Thursday, August 6, 2015

Guest Post: Summer Nights Drinking with Steady Flames

It's been a while since I had a guest post on Fuggled, and we have a returning writer here today, Renée Francoeur. Rather than witter on myself, here's Renée....

There were three women out on the lake in a giant, multi-coloured, inflatable tube. One, sitting upright with the poise of a ballerina, had a Nymphaea alba woven into her dark Spanish hair, and a stick she was using as a Venetian oar. The other two, sprawled out on their bellies, had tossed off their bikini tops, one hand each sunk below the tea-coloured surface.

In the other hand, of course, there was beer. Specifically, a 568mL can of Old Flame’s Perry Loved Mary West Coast Style IPA. The saying goes “…till the bitter end. But Mary loved another.” Let me tell you, if unrequited love had more of a hoppy scent to it and a lingering aftertaste of orange infused wheat (instead of acid reflux and tonsil stones), well, I may have been still somewhat happily dancing around Perth County, waiting for a bricklayer to throw me a bone. As it is, I’ll just take another cold one.

It had been years in the making: this reunion of women. My five best friends from university (who now are all oh-so-conveniently scattered across the globe) and I had snuck away to a cottage on the shores of the artificially filled Lake Scugog in Ontario. There was no one we knew nearby. No distractions. No boyfriends. No obligations. Just puzzles, board games, inflatables, bottles of sunscreen, one badly selected scary movie, a fridge full of vegetables and steaks from the family-owned Willowtree Farm market, and of course: beer. The Canadian-crafted, microbrewed, the guy/gal-with-the-recipe-was-a-friend-of-a-friend kind of good, wholesome shit, too.

I was one of the two ladies belly-down on said tube, sipping Perry Loved Mary, created in the heart of Port Perry, a charming town with the old pioneering whiff of Upper Canada, not 10 minutes away from our cottage. I like to keep it local on vacations—especially so if the brewery is housed in an old brick building creaking with history and antiques.


“I hope it’s been established I’d be the one to survive in the wild,” Cristina (the one with the lily pad flower in her hair) said, pushing us to shore with her rather impressive twig.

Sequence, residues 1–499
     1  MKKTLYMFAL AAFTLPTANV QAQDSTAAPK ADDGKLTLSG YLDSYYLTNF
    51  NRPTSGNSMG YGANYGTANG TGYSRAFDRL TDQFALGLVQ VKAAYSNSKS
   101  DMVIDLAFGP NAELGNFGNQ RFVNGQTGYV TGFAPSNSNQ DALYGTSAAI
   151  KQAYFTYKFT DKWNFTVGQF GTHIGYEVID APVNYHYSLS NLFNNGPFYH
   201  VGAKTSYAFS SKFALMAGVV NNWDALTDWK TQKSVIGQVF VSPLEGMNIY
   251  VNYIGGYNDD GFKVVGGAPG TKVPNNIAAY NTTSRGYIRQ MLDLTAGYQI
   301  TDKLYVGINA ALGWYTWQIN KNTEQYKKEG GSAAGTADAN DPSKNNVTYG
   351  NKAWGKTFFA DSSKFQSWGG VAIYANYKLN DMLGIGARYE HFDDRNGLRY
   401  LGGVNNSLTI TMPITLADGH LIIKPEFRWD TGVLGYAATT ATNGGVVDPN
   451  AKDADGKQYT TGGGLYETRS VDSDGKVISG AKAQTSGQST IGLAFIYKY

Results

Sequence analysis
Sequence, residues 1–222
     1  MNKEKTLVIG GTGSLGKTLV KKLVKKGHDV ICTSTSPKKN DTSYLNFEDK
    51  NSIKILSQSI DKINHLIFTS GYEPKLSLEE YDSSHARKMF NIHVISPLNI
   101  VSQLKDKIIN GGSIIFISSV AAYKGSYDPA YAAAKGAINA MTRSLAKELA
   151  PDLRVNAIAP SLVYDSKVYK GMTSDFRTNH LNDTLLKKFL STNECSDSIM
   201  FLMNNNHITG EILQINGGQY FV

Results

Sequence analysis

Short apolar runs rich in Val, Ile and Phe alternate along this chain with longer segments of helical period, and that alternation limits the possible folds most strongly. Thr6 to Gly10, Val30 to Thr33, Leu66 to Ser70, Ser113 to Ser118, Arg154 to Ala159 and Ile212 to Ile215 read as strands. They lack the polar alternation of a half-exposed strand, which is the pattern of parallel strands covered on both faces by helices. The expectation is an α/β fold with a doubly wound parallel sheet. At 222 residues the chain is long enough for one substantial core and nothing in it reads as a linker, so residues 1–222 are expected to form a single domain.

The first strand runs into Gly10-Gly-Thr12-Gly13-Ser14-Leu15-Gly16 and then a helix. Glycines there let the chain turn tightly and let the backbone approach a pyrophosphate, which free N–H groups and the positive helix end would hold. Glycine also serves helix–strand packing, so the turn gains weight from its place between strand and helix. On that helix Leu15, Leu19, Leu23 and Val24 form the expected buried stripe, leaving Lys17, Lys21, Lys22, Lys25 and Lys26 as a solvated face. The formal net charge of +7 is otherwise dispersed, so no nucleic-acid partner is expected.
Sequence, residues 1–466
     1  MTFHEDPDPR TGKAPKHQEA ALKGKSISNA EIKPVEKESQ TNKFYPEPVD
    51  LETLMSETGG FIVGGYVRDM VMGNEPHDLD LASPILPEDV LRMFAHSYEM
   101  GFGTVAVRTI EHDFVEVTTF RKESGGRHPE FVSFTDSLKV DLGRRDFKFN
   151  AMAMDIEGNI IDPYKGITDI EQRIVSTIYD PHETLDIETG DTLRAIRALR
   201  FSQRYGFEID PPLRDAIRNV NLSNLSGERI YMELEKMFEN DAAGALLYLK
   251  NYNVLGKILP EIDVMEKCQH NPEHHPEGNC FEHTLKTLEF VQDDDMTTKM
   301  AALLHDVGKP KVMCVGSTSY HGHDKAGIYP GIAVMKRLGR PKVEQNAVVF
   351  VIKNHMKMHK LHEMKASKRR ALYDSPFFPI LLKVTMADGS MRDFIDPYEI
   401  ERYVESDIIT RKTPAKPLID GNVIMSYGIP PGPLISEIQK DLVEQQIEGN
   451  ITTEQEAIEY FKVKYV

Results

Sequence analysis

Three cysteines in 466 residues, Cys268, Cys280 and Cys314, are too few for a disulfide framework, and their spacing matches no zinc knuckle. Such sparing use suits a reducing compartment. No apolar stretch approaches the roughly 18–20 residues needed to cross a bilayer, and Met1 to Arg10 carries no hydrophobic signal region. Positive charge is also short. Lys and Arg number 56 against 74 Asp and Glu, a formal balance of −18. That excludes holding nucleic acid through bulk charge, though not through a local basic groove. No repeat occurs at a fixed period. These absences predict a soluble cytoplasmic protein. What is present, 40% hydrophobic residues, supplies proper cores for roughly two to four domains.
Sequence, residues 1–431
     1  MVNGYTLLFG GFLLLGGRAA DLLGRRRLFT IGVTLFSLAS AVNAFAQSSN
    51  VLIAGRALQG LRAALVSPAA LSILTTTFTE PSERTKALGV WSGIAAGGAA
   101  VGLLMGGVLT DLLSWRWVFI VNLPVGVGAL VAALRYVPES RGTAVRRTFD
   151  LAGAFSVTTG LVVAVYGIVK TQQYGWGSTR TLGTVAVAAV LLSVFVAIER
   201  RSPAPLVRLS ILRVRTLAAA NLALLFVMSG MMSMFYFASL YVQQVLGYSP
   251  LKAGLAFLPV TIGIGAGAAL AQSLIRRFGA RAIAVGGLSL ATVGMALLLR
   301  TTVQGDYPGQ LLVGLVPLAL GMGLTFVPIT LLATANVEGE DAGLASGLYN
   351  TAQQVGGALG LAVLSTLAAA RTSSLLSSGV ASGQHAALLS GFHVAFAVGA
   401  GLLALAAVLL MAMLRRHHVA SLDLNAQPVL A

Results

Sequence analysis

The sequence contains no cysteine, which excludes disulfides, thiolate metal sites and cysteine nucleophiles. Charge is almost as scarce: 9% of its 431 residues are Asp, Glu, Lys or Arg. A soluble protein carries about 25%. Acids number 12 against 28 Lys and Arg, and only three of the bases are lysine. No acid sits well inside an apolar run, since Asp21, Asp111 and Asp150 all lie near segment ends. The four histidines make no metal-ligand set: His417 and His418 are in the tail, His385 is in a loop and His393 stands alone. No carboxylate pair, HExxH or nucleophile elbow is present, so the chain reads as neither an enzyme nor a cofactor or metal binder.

Sabrina and I dipped our hands further and attempted to paddle, tugging waterweeds (Lake Scugog is actually flooded marshland and Scugog is Ojibwe for “marshy waters”).

“Now, we had no stick yesterday and got back just fine,” Sabby said, making a whirlpool with her wrist. How I’ve missed her strong Quebecois accent (along with the way she’ll creep up behind you when you’re cooking and envelope your back and ribs in a quick, tight embrace).

We sipped our beers, the cans reflecting the beaming sunlight; we were diamonds in a swamp afloat a rainbow. And it showed on our faces as we tumbled onto the mossy bank; Sabrina losing her bottoms, me clambering on all fours to run to the bathroom, and Cristina daintily stepping on land with the help of an extra hand.

Later in the week we managed to toss on something more than string bikinis and tour into town. Old Flame Brewery was our first stop. It didn’t disappoint.

My grandfather’s great-great uncles had enough of the coal dust in Wales and dove into the carriage business around the Niagara region in the late nineteenth century while my great-great-great-grandfather, Thomas Harris, took up farming in East Nissouri county.

Old Flame has made its home in the former Ontario Carriage Works, erected in 1884. I imagined those uncles touring this building in the 1890s as part of their work, perhaps aloof in striped trousers, velvet-collared overcoats and top hats (it was said they did well for themselves). Their hands behind their backs, boots covered in saw dust, peering at wooden spokes and the like. And now here I am, sampling malt and taking in authentic ceiling beams, still showing off their charred skirts from two major fires.